A group of friends auctioned Steve Jobs' 1973 job application in both print and NFT form to see which one people wanted more. The answer was resoundingly clear.
- Winthorpe Ventures ran what it believes is the world's first physical-versus-NFT
- It offered
Steve Jobs' 1973 job applicationin print and NFTversions to see which had more value.
- Print was the clear winner, with a highest bid more than 10 times that of the NFT version.
A 1973 job application from late
This time is different.
A group of friends calling themselves Winthorpe Ventures set out to answer a question when they held the most recent auction of Jobs' application: Is it more valuable in its original print form or as an NFT?
The group offered the application in both versions in the auction, which they believe is the first in the world to pit the physical and NFT mediums against each other. Bidding for the print form was done in dollars and bidding for the NFT was done in Ethereum.
"Non-fungible tokens have dominated the art and collectibles sphere for months, but there is a debate around whether they represent real value, with doubts on whether they will stand the test of time against traditional physical assets," the organizers wrote on the auction's website. "By putting the NFT and original physical job application up for auction simultaneously, the sale will test the appetite for digital assets in contrast with physical equivalents. This first-of-its-kind auction will challenge the notion of value in the physical and digital world. The result of the auction will show if true value can be embodied in both or whether one medium is leading the way."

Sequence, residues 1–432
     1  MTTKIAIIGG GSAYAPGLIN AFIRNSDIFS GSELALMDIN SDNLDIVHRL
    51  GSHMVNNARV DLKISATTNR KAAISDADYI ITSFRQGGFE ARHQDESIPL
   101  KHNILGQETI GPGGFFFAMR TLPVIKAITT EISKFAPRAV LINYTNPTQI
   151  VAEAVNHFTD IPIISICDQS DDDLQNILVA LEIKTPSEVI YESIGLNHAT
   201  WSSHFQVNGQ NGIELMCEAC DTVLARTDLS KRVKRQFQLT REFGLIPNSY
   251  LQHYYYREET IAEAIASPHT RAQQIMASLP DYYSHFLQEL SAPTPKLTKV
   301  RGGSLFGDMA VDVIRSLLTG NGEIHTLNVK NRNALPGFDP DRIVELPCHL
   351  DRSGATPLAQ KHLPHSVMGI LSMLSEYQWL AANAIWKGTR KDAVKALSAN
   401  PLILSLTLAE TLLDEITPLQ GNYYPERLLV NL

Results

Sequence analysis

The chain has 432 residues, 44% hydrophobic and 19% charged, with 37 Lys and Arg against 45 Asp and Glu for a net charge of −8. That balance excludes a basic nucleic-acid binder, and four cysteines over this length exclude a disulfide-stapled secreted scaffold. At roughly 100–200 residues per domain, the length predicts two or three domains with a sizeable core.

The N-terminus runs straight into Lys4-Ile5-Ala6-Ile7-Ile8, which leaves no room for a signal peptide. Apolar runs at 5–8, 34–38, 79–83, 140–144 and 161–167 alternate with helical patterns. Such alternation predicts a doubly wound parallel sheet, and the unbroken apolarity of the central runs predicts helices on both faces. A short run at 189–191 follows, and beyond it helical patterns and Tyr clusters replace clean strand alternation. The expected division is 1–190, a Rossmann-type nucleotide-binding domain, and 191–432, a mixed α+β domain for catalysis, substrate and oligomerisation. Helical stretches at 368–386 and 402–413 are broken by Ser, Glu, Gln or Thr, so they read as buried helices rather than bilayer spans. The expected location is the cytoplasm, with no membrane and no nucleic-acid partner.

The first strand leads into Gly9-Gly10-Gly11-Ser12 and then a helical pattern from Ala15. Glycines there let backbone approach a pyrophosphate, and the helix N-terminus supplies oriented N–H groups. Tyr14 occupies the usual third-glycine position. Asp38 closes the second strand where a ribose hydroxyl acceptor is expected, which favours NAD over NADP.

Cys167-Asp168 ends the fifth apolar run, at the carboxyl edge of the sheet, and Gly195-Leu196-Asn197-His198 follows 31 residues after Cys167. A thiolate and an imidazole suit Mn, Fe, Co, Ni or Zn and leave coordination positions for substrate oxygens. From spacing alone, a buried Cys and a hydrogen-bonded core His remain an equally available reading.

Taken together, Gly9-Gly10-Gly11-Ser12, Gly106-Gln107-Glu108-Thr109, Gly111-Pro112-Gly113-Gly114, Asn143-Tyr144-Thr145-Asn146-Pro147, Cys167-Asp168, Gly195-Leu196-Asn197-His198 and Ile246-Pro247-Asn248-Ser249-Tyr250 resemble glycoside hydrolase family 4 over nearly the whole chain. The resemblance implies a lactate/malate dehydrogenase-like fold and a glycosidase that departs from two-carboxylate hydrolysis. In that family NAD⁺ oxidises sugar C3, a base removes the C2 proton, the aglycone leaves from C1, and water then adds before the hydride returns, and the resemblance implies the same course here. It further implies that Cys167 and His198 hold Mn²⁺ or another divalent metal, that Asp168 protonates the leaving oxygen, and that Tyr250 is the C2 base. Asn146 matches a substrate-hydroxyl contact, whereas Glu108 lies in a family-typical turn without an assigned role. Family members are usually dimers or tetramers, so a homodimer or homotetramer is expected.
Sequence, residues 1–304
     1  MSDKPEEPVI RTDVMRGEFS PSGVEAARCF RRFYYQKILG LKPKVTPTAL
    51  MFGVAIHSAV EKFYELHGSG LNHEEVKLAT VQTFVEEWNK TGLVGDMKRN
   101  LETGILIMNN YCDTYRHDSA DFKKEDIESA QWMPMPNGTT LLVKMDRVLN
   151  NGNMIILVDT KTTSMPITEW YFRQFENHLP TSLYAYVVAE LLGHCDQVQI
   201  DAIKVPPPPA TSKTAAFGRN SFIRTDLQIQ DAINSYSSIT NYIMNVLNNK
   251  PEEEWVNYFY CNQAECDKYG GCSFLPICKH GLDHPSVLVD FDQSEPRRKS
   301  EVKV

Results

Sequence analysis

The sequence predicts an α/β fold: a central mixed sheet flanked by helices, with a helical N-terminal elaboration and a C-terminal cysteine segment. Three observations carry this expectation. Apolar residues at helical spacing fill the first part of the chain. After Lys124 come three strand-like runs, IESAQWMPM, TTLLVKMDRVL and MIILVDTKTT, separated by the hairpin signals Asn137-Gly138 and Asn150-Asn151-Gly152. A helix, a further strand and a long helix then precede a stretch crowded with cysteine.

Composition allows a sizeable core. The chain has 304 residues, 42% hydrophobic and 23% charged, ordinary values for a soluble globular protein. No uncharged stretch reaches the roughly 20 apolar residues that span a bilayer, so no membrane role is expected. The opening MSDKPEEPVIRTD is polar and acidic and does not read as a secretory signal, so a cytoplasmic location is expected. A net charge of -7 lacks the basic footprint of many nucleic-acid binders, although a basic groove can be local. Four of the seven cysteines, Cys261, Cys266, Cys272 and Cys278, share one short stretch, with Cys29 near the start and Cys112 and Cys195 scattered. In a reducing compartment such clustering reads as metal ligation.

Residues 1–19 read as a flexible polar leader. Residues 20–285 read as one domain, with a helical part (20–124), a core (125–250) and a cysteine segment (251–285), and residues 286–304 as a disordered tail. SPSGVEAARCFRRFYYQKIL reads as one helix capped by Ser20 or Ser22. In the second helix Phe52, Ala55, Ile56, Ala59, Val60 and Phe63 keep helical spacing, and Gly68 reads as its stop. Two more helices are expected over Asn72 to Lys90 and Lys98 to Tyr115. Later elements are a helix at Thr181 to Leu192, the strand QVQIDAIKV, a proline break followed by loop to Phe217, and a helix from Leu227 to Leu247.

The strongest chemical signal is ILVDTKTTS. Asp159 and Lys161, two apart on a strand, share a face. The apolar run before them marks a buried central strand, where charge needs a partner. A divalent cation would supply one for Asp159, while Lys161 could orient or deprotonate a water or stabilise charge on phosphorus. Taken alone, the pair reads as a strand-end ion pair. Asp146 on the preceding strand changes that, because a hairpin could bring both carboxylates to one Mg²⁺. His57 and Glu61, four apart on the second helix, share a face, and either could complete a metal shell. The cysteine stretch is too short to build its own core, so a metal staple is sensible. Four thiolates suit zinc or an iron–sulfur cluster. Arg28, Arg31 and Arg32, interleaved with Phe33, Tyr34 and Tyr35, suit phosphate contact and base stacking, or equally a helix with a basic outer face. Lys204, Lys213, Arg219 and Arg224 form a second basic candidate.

When the auction ended Wednesday, they got a very clear answer to their question. The original physical copy of the application generated four times as many bids as the NFT version. The highest bid for the print application was $343,000, which is more than 10 times the top bid of the NFT version - and well above the print version's first auction sale of $18,750 in 2017.
Olly Joshi, the auction's founder, said it was "fascinating" to see the auction play out.
"This was a social experiment and we put the power in the pockets of the public," he said in a statement to Insider. "The results clearly show that, on this occasion, people felt the physical job application held more value than its digital counterpart. It will be interesting to see if the perception of the value of digital assets shifts in the near future, and whether it's time we think differently."
Regardless of its medium, the job application shows the former tech CEO applying for a role - it's still unknown exactly where - just three years before he would go on to start Apple with cofounder Steve Wozniak. He lists his address as Reed College and major as English literature, noting that he has no phone number. Under a section called special abilities, Jobs wrote "electronics tech or design engineer," adding that he is "from Bay near Hewlett-Packard."
A portion of profits from the auction will be donated to the nonprofits Cancer Research Institute and One Laptop Per Child, according to the auction's website.
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